While it’s been well known within the council for years that Roberts has the final say over Greenwich Time, this is the first time it’s been admitted.
Two months ago, ex-GT designer Graham Tuckwell told the News Shopper that Roberts would not allow stories in the paper “without his absolute say so”.
“Peter [Cordwell] and his team found it increasingly impossible to run any stories without the vetting of the communications team with orders from Roberts,” Tuckwell told the paper.
“Our job now was to deliver the council’s key messages and nothing else.
“Comments from ordinary councillors who were doing great work in their own wards were non-existent and of course there was never a word allowed from the opposition.”
Of course, it goes without saying that the bullying accusations against Chris Roberts, who has referred himself to the council’s standards committee over the notorious “get it through your fucking thick skull” voicemail, have not been mentioned in Greenwich Time.
Ney’s admission now throws a fresh light on the finances of Greenwich Time, because Greenwich has never before owned up to the role of council staff in producing the paper.
So let’s have a proper go at nailing these figures…
According to an answer given at a council meeting in July, Greenwich Time took £403,938 in ad revenue from inside the council, and £254,272 from external advertisers in 2012/13.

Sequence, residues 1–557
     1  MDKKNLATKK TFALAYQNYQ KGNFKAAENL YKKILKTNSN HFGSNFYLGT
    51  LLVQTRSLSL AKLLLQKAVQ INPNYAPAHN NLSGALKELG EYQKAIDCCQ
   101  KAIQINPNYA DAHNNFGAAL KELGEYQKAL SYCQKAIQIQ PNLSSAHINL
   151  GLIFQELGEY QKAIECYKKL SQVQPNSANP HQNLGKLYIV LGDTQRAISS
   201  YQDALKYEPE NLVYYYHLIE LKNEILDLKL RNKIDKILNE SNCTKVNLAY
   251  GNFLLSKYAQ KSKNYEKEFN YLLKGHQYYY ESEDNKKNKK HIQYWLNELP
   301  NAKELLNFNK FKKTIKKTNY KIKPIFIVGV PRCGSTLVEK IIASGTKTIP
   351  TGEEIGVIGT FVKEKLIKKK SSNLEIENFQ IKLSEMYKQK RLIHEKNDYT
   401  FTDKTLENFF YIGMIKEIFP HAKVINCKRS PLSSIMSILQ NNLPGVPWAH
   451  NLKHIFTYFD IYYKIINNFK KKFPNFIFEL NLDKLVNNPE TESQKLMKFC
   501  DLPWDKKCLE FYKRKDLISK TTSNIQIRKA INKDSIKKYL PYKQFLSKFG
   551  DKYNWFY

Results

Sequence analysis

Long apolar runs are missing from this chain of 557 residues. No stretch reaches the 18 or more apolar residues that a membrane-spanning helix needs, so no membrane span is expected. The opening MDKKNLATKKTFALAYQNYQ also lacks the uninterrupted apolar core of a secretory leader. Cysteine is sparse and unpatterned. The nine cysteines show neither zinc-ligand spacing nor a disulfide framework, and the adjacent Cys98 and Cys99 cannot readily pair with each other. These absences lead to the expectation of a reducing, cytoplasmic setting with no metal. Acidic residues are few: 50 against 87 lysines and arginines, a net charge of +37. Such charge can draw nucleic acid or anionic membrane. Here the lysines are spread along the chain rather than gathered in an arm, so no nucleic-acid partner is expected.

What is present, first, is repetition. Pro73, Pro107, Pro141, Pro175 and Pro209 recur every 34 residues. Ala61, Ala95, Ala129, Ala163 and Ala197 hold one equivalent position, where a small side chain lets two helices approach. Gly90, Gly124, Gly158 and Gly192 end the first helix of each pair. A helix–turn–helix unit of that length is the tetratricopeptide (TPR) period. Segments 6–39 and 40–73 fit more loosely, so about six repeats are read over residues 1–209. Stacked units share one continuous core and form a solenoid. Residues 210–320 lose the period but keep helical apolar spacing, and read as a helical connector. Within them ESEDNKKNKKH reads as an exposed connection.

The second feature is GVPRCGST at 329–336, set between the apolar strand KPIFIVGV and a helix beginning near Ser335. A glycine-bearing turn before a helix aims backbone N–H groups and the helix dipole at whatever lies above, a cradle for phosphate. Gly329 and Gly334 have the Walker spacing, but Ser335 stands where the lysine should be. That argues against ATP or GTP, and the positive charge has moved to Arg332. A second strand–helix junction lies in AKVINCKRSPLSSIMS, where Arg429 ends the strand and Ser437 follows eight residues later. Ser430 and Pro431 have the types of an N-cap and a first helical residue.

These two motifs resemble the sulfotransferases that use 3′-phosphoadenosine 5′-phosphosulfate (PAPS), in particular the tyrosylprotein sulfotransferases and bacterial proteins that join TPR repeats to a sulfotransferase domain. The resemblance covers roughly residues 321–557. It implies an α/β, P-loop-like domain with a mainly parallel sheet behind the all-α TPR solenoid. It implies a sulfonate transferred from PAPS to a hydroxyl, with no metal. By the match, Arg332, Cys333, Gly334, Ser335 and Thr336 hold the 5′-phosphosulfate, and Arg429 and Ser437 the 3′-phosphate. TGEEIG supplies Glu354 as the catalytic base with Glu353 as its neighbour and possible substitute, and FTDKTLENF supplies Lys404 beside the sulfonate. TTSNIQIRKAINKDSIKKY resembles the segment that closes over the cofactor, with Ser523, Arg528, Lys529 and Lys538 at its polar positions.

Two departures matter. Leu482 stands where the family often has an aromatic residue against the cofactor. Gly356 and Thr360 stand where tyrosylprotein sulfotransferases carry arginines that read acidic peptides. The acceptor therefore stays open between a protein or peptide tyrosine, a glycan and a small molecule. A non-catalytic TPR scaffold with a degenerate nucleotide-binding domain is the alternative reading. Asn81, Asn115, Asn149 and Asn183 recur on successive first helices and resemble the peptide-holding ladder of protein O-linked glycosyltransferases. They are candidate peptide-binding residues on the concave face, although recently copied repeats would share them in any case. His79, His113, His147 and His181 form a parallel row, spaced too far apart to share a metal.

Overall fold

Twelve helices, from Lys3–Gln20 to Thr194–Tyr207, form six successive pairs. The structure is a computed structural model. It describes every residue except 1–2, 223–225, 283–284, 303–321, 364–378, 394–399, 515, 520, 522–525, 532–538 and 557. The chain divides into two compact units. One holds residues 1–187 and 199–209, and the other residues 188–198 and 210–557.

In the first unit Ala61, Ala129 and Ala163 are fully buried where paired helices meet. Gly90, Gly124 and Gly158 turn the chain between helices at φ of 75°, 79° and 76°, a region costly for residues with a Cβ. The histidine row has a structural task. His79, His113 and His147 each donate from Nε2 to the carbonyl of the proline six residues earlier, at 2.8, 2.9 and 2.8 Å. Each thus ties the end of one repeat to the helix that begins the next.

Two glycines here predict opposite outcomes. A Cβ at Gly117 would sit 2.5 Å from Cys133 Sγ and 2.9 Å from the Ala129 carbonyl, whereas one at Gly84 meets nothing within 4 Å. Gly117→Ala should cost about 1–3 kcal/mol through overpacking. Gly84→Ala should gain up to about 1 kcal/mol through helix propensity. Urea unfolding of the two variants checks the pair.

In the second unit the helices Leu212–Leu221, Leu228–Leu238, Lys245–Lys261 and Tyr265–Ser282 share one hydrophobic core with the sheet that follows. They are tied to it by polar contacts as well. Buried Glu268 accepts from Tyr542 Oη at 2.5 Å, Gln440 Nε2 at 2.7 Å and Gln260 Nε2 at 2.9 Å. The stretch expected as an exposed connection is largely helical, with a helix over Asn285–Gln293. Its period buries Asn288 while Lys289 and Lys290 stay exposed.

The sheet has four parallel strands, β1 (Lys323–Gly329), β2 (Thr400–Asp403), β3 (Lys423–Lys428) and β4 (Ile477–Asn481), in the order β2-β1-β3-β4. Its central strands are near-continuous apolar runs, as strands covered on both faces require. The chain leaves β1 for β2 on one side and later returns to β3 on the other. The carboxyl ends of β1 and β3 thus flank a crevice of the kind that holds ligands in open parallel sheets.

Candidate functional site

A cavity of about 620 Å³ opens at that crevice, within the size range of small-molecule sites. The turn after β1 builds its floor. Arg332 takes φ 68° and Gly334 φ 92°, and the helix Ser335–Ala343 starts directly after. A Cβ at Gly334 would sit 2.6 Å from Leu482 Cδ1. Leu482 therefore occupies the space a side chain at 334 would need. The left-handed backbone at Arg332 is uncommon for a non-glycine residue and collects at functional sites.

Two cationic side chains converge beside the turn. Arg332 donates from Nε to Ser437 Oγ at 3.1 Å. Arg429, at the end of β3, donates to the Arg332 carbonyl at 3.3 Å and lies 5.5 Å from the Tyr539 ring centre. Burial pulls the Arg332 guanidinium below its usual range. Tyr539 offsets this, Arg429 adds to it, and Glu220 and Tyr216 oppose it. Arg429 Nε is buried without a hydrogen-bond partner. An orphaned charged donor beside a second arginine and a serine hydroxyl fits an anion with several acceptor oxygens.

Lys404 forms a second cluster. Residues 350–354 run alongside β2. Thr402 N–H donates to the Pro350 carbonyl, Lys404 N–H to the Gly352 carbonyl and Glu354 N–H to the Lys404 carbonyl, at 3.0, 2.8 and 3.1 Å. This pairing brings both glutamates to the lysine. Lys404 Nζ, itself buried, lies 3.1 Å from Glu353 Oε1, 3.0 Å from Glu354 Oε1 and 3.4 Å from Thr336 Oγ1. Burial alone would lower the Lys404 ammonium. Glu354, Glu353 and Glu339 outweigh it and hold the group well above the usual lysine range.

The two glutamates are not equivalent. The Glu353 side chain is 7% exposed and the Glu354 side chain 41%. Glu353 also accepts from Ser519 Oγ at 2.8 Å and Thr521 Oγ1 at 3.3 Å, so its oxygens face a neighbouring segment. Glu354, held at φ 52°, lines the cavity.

In a written response, Chris Roberts claimed: “In 2012/13 had the adverts been placed externally and on the basis of normal page rates, it would have cost an estimated £2.7m. Therefore, in 2012/13, the Council saved over £2.3m in advertising costs as a result of placing adverts in Greenwich Time (GT) compared to the costs it would have incurred by advertising in the two other local newspapers.”
Really? Roberts’ figures look like fantasy, to say the least. Would Greenwich really be placing that many ads in the Mercury or the News Shopper? Particularly as this website understands each council department has to place a certain amount of advertising in GT, presumably to keep the paper’s finances looking decent.
Last week’s GT contained 4 council ads, 3 job ads and various public notices. The public notices have to be advertised somewhere, but if GT didn’t exist, would the job ads have been placed in any other paper? And what about the other council ads?
Would the council really place an ad for its own website in the Mercury or News Shopper? Of course not. But it does in GT to keep the books looking good.